A look at Berlin's art scene
Cheap rent and 'coolness factor' keep young artists in Berlin
This story is part of a series of stories written by student journalists who participated in UB’s Foreign Reporting study abroad program in Berlin, Germany this past winter.
Christa Joo Hyun D’Angelo would not be an artist today if she didn’t live in Berlin.
The 33-year-old New York City native relocated to Berlin in 2006 and insists the city offers her and other artists an increasingly rare chance to live in a culturally and historically rich environment that is financially affordable, unlike in New York, Paris, London and Tokyo.
In Berlin – unlike in those other places – D’Angelo can afford a bright and spacious studio in an eclectic neighborhood and still have time to focus on her politically centered art.
But she is also worried.
In the past 10 years, Berlin has slowly been losing its image as a grungy playground and is rapidly becoming an upscale tourist mecca with a sleek art scene. Real estate prices – though still lower than in most European capitals – have surged.
Artists – including D’Angelo – are starting to feel squeezed.
When the Berlin Wall fell in 1989, international artists flocked to Berlin, drawn by its allure as a Nazi stronghold turned Cold War capital and by the availability of hundreds of decrepit and abandoned buildings that make perfect artist colonies. Today, more than 20,000 artists live in the city and more than 6,000 of them have galleries representing them, according to Berlin Visitor Center statistics.
But the city’s 400 galleries are becoming more discerning, D’Angelo said, and gone are the days of easy openings and first-time shows.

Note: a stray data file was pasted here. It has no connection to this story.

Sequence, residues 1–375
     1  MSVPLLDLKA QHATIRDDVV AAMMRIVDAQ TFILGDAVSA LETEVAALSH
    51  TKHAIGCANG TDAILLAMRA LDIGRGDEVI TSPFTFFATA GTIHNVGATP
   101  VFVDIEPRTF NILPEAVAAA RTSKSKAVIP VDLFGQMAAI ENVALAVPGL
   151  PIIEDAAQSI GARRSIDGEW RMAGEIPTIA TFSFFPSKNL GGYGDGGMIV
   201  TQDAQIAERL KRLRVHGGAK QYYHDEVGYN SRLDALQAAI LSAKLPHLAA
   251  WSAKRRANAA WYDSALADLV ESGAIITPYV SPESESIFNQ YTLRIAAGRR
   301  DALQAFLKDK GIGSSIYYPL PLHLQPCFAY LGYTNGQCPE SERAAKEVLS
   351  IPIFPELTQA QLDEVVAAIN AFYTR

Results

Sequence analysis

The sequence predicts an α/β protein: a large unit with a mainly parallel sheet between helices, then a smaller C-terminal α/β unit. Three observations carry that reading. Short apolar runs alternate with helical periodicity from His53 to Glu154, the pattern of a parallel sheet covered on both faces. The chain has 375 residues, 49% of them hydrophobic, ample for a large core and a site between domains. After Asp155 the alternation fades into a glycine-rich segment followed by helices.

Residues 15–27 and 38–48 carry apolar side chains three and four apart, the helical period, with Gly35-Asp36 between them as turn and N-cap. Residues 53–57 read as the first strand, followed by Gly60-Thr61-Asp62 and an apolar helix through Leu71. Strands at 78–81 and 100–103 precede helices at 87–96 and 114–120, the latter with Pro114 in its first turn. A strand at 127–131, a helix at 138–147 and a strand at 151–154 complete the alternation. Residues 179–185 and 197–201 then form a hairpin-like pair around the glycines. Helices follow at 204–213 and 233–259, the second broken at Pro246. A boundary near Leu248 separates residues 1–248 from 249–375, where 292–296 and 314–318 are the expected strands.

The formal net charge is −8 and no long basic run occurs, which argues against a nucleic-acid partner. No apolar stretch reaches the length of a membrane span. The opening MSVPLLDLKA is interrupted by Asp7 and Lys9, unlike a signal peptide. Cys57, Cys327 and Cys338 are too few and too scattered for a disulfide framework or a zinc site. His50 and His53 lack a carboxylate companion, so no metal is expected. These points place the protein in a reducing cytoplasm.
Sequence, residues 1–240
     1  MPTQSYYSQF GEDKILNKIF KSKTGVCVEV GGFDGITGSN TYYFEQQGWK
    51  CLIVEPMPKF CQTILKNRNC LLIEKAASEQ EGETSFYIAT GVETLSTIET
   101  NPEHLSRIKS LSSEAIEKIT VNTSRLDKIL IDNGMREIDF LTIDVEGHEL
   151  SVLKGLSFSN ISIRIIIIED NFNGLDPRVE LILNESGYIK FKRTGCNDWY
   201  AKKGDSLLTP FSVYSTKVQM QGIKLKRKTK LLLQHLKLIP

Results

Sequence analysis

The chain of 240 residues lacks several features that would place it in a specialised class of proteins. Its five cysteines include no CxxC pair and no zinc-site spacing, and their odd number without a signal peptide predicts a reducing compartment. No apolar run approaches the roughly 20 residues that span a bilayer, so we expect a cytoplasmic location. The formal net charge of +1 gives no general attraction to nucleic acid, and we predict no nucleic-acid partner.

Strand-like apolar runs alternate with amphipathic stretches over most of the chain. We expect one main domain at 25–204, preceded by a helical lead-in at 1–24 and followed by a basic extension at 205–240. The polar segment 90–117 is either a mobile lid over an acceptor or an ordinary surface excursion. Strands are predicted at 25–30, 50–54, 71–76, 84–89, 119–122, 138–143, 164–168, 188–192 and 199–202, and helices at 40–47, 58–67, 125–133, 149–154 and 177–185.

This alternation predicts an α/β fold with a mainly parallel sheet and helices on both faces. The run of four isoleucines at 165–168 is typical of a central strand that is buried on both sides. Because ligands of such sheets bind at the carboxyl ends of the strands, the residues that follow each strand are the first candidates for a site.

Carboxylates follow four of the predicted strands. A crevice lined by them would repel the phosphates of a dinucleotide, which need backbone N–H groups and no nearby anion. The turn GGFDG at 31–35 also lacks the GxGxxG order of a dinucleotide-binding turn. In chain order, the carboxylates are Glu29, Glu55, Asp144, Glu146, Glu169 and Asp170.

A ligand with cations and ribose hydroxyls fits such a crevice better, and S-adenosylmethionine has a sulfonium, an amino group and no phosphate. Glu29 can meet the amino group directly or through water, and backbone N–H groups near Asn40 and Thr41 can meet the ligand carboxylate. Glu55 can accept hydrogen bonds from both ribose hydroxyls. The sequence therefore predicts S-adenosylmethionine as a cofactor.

In addition to young, struggling artists, Berlin has become home to well-known names such as Olafur Eliasson, Daniel Richter, Jonathan Meese, Alicja Kwade and Katharina Grosse, as well as Chinese dissident artist Ai Weiwei. That’s upped the ante for young artists and made galleries and customers more discerning.
But still, it’s among the cheapest, most appealing cities for young creative people.
Average 2016 rent for a studio space is about $600 a month, compared to $1,500 in London and $2,200 in Manhattan, according to Next City and Berlin’s Housing Market Report.
“A studio in New York like this would be way off my budget,” D’Angelo says, gesturing to her spacious workroom, located in Berlin’s buzzing Kreuzberg neighborhood.
A March 2015 report by a non-profit group of artists that calls itself BFAMFAPHD – for the degrees artists now need to succeed in the art world – found that 85 percent of New York City artists need a day job to pay for studio space. Eleven percent live below the poverty line.
“It’s so tough,” says Leen Horsford, who moved to Berlin from London. “[In London] you have to work 9 to 5 in order to pay rent, and on top of that, find extra money to pay for a studio. Plus the time and the effort to go to a studio and actually make stuff.”
Horsford, 30, moved to Berlin in 2009 after completing an apprenticeship in a fiberglass studio. She was offered studio space in London, but the expense of maintaining a practice in England’s capital was overwhelming.